I was eager to pursue fashion after sewing my first upcycled project. I researched Seattle’s fashion scene and found Chance Fashion, a non-profit which organized monthly runways for new or up-and-coming fashion designers. I saw an Alternative Fashion & Clubwear runway on their calendar and paid to reserve my spot immediately. I sketched out a mini collection featuring upcycled, recycled, and non-conventional looks but miscommunications and misleading e-mails led to forfeiting my spot. I was devastated and avoided my sewing machine for months. When I found my sketches again, something clicked – why wait for an opportunity when I could make my own?
I wanted to create my favorite look from the collection; a trench coat dress made of patchwork denim. The original concept took the familiarity of a denim jacket and elevated it to an unexpected place – a trench coat dress. I decided a denim trench dress wasn’t bold enough so I decided to patchwork my favorite pattern, houndstooth, in varying shades of denim. Admittedly this wasn’t a beginner-friendly project, especially for my first garment, but I’m not exactly one to “play it safe”. I easily learn with a hands-on approach, so I was ready to conquer this project despite its difficulty.
After sorting the design logistics of the trench dress, I started by making a muslin template. I also drew a houndstooth template onto thick poster board so I could trace the pattern on denim. Looking back, I wouldn’t recommend this approach for a houndstooth pattern. I should have broken the houndstooth shape into four vertical parallelograms, which would create a houndstooth shape when sewn together. Sewing the sharp interlocking corners of a single houndstooth shape resulted in some puckering that the eye is immediately drawn to. I plan to tackle another project for my houndstooth redemption in the near future.
I was ready to choose a color story after the houndstooth pieces were cut. I landed on a 2 x 2 repeating color scheme and immediately started sewing shapes into columns. After finishing every column, I ran into miscalculations, requiring 3 more houndstooth shapes per column. Even worse, I didn’t have enough matching denim to continue the same color scheme. Quick problem solving led to seam ripping columns to insert white and gray houndstooth pieces, expanding the 2 x 2 color scheme into a 3 x 3. It was quite a happy accident since I loved this color story more than the original plan.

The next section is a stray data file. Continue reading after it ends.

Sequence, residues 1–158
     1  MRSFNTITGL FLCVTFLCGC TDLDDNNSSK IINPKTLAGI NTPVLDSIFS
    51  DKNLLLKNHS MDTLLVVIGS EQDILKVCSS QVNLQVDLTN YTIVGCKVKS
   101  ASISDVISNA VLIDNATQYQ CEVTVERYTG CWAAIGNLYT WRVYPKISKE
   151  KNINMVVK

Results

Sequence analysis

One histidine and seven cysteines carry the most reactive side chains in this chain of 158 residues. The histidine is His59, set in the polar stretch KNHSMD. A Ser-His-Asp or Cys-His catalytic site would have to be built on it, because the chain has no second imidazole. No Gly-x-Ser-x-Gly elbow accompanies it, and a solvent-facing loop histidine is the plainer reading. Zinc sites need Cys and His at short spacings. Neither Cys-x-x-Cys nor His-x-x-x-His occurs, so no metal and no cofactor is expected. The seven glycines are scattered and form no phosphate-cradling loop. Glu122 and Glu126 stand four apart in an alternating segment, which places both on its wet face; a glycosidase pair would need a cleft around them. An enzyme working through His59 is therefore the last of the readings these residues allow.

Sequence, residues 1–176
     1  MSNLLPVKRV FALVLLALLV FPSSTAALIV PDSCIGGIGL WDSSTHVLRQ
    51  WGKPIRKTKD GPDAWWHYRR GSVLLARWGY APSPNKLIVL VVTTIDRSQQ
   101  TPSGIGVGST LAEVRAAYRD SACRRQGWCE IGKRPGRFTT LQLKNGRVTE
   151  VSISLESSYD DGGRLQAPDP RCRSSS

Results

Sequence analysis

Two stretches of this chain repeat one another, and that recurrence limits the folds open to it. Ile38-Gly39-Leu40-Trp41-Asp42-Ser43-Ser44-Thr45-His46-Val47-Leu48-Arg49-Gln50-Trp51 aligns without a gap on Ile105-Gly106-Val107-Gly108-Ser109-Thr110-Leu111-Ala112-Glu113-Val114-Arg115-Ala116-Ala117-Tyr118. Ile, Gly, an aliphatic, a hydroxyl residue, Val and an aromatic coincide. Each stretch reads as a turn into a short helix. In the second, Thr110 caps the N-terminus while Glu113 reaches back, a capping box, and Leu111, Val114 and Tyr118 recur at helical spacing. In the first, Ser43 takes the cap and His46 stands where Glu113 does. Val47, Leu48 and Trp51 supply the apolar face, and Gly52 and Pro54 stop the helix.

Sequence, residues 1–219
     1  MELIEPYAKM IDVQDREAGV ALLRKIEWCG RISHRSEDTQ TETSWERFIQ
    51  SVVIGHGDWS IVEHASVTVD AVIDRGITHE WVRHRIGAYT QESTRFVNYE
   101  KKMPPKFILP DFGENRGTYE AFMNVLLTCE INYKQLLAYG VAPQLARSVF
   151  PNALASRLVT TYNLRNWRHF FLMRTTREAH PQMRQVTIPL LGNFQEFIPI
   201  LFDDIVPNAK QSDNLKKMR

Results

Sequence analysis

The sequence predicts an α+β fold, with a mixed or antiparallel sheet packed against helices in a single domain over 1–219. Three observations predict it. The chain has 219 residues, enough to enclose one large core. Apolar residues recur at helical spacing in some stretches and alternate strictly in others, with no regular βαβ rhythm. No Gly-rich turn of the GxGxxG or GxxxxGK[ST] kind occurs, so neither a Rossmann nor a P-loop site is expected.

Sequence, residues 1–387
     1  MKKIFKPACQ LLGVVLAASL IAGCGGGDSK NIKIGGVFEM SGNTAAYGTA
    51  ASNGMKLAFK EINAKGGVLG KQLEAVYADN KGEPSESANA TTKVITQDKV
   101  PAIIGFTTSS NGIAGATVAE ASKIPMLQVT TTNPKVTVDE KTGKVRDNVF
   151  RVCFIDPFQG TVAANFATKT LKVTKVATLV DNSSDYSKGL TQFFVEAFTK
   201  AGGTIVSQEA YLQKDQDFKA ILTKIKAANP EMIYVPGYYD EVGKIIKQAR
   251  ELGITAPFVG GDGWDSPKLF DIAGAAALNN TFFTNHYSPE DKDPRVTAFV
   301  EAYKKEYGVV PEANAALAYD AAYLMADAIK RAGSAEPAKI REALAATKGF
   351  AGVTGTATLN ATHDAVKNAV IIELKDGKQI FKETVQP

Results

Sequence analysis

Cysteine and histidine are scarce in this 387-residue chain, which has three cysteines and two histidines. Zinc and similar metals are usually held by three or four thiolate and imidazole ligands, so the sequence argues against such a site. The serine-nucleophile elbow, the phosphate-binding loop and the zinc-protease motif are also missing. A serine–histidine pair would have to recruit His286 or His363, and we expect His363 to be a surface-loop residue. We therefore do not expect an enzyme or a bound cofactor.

I disassembled my muslin trench dress into panels, pinned the panels to the patchwork fabric, and trimmed the fabric to match the panels. I sewed the patchwork denim panels together to reform the trench dress, added a lightweight polyester lining, and added solid black trim to its edges to give the garment extra definition. I feel the solid lines help the eye interpret the form of the trench dress, especially where the busy patchwork patterns would have overlap. I’m so thrilled with the finished product, especially considering this was my first wearable, upcycled garment.
In hindsight I should have tailored this trench dress to improve its appeal when photographed. Tailoring seemed so intimidating and I was worried I’d ruin the trench dress in ways I couldn’t fix. I had a photo shoot scheduled in the near future and I didn’t want to indefinitely postpone because of my amateur mistakes. Before I knew it, I was wandering downtown Seattle with a photographer shooting a model dressed in my denim trench dress. It was such a surreal, educational experience and sharing it with my friends only made it that much better.
*This blog post was originally hosted here on August 21, 2018. It has been re-written, with new images as part of a rebranding of What’s Upcycle.